The market’s performance shows that enthusiasm for Shanghai-Hong Kong Stock Connect has waned after its debut on Monday.
The cross-border trading scheme has the potential to change A-share investing in the long term (as I argued earlier in this space), but its benefits have been overhyped.
Now the exaggerated expectations are coming back down to earth.
One of the major misunderstandings about Stock Connect is that it is a major step toward opening up China’s capital account.
This is wrong. It is not a big step forward, since it does not allow for full hedging activity to enable maximum market efficiency, as some major market players have told us.
Consider this. Hong Kong investors buying stocks interlisted in Shanghai can sell those stocks only in Shanghai. They are not allowed to buy stocks in Shanghai and sell them in Hong Kong to arbitrage the price differences.
The same restriction applies to mainland investors trading Hong Kong stocks. Thus, there is no effective price convergence or maximum market efficiency.
This is hardly a major step toward capital account convertibility.
The Stock Connect scheme only extends the boundary of Beijing’s control over capital in the mainland to Hong Kong. It does not really open up China’s capital account to allow free capital (out)flows.
This is because mainland Chinese investors who have bought Hong Kong stocks and sold them to take profits (or losses) must remit the proceeds to China. They cannot cash out and use the funds in Hong Kong or transfer the funds to other countries.
Hence, the billions of yuan flowing to Hong Kong through Stock Connect remains locked in a closed cross-border loop.
The same restriction applies to Hong Kong investors, who must move their money back to Hong Kong once they take profits or losses in the onshore A-share market.
Another major misunderstanding is that the scheme is a big move toward capital market liberalisation.
This is wrong again. It would be incorrect to compare the Stock Connect quotas with those of the Qualified Foreign Institutional Investor (QFII) and Renminbi Qualified Foreign Institutional Investor (RQFII) schemes.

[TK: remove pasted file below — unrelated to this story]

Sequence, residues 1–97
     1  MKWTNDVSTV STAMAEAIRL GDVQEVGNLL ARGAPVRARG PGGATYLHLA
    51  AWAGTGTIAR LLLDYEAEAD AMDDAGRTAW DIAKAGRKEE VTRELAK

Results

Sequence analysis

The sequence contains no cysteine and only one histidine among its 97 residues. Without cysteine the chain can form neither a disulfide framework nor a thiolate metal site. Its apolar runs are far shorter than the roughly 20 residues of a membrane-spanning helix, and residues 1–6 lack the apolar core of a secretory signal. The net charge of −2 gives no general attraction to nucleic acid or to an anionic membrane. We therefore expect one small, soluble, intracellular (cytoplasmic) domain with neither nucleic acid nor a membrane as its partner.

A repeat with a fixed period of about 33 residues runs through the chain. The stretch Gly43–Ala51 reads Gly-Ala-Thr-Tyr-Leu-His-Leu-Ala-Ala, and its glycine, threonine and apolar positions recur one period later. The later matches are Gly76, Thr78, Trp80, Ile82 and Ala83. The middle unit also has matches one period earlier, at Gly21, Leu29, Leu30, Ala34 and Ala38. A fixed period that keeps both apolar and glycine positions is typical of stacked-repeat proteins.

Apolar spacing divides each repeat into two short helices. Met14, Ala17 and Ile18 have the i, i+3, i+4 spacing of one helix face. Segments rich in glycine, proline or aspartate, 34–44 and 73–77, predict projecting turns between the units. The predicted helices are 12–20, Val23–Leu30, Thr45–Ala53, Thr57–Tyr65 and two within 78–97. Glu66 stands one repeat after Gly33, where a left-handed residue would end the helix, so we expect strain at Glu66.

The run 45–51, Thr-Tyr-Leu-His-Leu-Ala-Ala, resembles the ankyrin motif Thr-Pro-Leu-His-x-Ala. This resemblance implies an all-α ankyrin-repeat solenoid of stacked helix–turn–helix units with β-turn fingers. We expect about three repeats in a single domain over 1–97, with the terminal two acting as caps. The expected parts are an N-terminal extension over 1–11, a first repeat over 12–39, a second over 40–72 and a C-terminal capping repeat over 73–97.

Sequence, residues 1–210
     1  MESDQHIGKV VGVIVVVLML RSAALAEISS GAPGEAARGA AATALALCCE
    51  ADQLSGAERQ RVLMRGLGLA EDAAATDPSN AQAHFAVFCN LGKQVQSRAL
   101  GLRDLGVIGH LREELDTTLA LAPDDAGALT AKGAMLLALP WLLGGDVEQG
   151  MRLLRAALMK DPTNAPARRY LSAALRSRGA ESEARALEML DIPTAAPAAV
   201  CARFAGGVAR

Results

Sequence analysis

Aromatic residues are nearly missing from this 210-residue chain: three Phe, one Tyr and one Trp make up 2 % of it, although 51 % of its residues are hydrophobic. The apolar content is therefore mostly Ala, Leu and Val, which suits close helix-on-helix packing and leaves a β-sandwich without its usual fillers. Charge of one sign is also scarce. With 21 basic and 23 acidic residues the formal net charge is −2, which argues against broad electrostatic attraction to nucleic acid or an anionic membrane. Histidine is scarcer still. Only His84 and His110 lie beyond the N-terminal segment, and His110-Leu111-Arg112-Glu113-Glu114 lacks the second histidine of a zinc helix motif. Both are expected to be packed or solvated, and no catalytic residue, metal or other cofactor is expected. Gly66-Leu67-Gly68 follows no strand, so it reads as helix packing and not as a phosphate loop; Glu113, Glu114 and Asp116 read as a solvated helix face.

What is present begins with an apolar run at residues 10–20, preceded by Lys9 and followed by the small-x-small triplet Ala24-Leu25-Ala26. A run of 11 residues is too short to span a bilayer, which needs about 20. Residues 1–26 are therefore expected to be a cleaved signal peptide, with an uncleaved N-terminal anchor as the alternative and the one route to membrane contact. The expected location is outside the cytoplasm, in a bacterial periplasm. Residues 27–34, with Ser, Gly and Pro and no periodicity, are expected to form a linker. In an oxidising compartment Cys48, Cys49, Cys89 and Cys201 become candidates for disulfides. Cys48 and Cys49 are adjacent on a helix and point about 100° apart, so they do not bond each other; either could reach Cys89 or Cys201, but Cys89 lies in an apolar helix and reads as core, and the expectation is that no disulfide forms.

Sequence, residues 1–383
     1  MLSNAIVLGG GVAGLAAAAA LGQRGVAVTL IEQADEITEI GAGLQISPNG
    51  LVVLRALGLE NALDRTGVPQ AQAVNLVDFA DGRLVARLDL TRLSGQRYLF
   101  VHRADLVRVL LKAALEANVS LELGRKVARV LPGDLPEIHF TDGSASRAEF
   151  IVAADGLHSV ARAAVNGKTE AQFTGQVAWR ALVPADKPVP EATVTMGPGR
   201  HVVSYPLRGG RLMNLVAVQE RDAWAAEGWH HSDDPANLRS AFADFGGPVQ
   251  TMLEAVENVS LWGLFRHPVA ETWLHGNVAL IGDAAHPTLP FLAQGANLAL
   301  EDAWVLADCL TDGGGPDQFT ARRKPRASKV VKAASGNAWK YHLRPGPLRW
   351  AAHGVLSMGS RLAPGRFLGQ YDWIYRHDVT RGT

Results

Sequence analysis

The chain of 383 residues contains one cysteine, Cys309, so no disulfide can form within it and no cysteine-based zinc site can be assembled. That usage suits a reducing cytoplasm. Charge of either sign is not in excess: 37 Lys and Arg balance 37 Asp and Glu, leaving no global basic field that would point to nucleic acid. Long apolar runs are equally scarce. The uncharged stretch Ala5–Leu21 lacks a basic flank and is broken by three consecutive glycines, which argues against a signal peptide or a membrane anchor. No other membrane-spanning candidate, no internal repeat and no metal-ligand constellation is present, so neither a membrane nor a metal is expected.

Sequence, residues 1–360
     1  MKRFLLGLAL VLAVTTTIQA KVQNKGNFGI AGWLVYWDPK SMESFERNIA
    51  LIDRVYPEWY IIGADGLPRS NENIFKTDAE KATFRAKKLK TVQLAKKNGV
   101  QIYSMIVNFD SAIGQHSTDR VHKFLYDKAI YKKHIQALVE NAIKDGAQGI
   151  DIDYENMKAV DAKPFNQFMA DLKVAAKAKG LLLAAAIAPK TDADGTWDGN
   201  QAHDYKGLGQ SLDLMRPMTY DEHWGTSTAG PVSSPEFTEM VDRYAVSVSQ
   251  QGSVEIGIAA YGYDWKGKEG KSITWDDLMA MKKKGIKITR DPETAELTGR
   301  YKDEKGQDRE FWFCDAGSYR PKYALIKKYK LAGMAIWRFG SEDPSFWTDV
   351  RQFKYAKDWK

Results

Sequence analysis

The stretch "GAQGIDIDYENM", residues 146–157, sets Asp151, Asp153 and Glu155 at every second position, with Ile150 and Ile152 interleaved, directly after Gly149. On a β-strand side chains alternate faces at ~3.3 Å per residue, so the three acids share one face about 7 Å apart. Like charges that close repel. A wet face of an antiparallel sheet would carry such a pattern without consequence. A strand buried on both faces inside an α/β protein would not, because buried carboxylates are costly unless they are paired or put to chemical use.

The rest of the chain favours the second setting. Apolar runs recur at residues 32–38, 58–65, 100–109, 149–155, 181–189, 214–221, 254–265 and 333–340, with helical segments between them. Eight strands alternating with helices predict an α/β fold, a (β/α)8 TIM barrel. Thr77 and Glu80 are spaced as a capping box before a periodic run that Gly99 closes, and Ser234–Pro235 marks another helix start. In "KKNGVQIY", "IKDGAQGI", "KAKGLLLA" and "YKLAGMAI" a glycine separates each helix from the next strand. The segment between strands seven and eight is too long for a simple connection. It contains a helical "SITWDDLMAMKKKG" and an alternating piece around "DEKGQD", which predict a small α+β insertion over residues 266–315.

The latter schemes allow foreign investors to buy up to a prescribed amount of mainland stocks and bonds, while the Stock Connect quotas allows investors to trade mainland and Hong Kong stocks until the net buy quotas in Hong Kong and/or Shanghai are reached.
These are totally different quotas, both on a theoretical and on an operational basis.
Incorrect comparisons like these have led some analysts to argue that the liquidity pools for mainland and Hong Kong stocks could improve significantly, as “it took 12 years and three years, respectively, for the QFII and RQFII quotas to grow to the current levels of US$58 billion and 258 billion yuan, while the Stock Connect scheme would allow an annual quota of 300 billion yuan for northbound buying and 250 billion yuan for southbound buying from the beginning”.
This is hype rather than solid analysis.
Now consider this. In addition to the annual net-buying quotas for northbound and southbound, there is also a daily quota of 13 billion yuan for northbound net buying and 10.5 billion yuan for southbound net buying.
If both daily quotas are exhausted every day, the annual quotas will be exhausted in 23 trading days; the scheme will then be suspended for the rest of the year.
Since investors don’t have perfect information on when these quotas will be reached, there is a significant execution risk – you just do not know how much of your order will be or will not be filled.
Finally, the regulation calling for all foreign exchange trades to be done in Hong Kong is aimed at insulating the onshore exchange rate from offshore market volatility.
This has the same purpose as ring-fencing the A-share market from offshore volatility by barring investors from the cross-border trading of interlisted stocks. An investor who bought Ping An in Hong Kong, for example, cannot sell the shares in Shanghai through Stock Connect, and vice versa.
These restrictions prevent full hedging and price convergence by limiting liquidity and asset flows between Hong Kong and Shanghai.
There are definitely benefits, and profits, to be had from the Stock Connect scheme, and it is a step forward toward financial liberalisation, deepening internationalisation of the renminbi and creating onshore-offshore market convergence.
But expectations about the pace of change and the delivery of results should be realistic.
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